The ham! cell
LYNDA LA PLANTE has written a new drama series about a female governor in an all-male prison. Eddie Gibb talks to the doyenne of television screenwriters, while (right) Kathleen Morgan joins a real governor on her daily prison inspection.
Janet Mc‘l’eer playlng prison governor Helen Hewitt In Lynda la Plante's new drama series the Governor
hen Lynda La Plante first met the prison governor who sparked off the idea for her new television drama. she fell into that dumb chauvinist trap. ‘Good God. I thought you were the secretary.‘ La Plante blurted out when confronted with a young. attractive woman.
It‘s a frank admission from a writer who has become a power player in television drama on the back of a series of strong women characters who succeed in a male-dominated world. ‘Personally I‘m getting very bored with the female in the male world thing.‘ she says. ‘but if I’m writing a character I can use myself as my main source ofdrama. I can tell you what it felt like. I find it easier to write from a female perspective. but I‘m not determined to put females in all-male worlds. 1 am tired of seeing dominant. shoulder-padded females storming through every television detective thriller.‘
La Plante‘s latest character. Governor Helen Hewitt. is the youngest woman to be put in charge of an all-male. high security prison. As the new governor on the cell block. Hewitt has been brought in to put the lid on a tense situation after the prison was nearly destroyed in a riot. but first she must earn the respect of both officers and prisoners. She's under extra pressure from her political paymasters because as a Prison Service flagship. Barfield Prison is ripe for privatisation.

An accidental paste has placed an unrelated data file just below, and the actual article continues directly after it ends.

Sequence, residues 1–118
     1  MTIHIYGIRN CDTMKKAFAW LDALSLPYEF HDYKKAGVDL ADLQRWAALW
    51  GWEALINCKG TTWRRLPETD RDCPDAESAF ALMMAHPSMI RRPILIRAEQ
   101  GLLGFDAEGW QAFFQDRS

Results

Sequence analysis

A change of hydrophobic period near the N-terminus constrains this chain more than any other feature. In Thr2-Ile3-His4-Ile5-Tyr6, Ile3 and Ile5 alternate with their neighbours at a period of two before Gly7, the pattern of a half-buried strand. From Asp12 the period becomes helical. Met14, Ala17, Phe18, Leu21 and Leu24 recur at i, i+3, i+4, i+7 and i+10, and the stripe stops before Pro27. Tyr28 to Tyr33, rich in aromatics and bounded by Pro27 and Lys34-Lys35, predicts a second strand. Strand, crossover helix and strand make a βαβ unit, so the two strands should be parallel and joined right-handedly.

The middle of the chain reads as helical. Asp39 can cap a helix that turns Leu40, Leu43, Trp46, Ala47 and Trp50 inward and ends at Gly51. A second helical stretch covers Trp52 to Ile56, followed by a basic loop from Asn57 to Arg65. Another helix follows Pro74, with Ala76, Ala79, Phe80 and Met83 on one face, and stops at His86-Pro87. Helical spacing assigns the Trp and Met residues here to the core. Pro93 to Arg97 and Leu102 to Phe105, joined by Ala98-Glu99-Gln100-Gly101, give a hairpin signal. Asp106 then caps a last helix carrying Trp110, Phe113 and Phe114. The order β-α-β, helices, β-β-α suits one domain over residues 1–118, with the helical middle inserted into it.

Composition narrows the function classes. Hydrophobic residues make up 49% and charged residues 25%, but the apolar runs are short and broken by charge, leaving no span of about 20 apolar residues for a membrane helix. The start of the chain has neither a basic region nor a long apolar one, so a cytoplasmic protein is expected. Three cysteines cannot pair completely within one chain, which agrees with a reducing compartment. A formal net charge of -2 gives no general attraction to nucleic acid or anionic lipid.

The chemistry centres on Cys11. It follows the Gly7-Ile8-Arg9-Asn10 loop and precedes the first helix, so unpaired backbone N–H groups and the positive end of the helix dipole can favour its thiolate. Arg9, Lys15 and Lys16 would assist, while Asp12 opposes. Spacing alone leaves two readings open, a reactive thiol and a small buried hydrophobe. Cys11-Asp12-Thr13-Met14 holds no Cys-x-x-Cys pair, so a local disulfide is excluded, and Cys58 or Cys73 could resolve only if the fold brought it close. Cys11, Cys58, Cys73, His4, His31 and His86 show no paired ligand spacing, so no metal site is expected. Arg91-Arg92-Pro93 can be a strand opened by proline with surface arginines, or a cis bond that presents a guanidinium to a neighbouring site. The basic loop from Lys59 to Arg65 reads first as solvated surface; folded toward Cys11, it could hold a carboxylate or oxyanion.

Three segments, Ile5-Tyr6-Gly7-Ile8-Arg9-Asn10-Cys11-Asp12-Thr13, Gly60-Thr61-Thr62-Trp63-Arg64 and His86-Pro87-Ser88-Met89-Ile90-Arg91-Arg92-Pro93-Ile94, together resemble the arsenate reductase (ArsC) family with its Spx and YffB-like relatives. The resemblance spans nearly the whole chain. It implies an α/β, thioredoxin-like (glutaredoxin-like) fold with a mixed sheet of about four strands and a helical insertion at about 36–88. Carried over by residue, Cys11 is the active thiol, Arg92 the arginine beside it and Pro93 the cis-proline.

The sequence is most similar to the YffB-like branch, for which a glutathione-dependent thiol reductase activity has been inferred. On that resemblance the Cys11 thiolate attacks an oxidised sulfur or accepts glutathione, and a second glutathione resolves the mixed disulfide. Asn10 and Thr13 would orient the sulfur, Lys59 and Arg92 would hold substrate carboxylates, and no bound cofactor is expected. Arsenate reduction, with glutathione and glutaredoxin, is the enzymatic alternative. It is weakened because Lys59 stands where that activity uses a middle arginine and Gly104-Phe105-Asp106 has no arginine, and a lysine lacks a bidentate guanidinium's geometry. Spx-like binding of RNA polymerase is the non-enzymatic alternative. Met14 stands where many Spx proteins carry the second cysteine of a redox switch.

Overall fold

The storyline has all the classic La Plante elements: street-wise language. savvy women and dodgy crims. Looking at La Plante’s early influences it‘s not hard to see why. Her initiation into television was as a RADA-trained actress
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appearing in tough-guy dramas like The Sweeney and Minder.
It was while filming The Gentle Touch. the late-70s police drama with Jill Gascoine as the woman in charge of a bunch of unruly lads in uniform. that La Plante the bit-part actress first thought of becoming La Plante the writer. She submitted some plot lines for the Gascoine
character. which though not used in The Gentle
‘I am tired of seeing dominant, shoulder-padded females storming through every television detective thriller.’
Lynda La Plante
Torte/i. became the basis of the first La Plante hit — Wir/mvs. (La Plante recently returned to her first love when she reprised the role of ladylike gangster Dolly Rawlins from ll’iduws in the post-porridge series She 's ()u!.)
During the 80s. La Plante penned a string of situation-speciﬁc hits for [TV including Cii'i'ies (demob-happy soldiers). (i'omies (the stand-up comedy circuit) and Seconds ()ut (the boxing fraternity) — she doesn‘t hold with obscure titles. La Plante had become the undisputed queen of populist television drama. whose script~writing credit seemed to guarantee huge ratings.
Then in 1991 she created Detective Chief Inspector Jane 'l‘ennison — a tough. sexy, sensitive. ambitious and alarmingly bright police chief who Helen Mirren made her own. Since then Prime .S'uspeel. which is currently on our screens with a series of two-hour films though La Plante is no longer involved. has become a home banker in the [TV schedules.
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10 The List 5-18 May 1995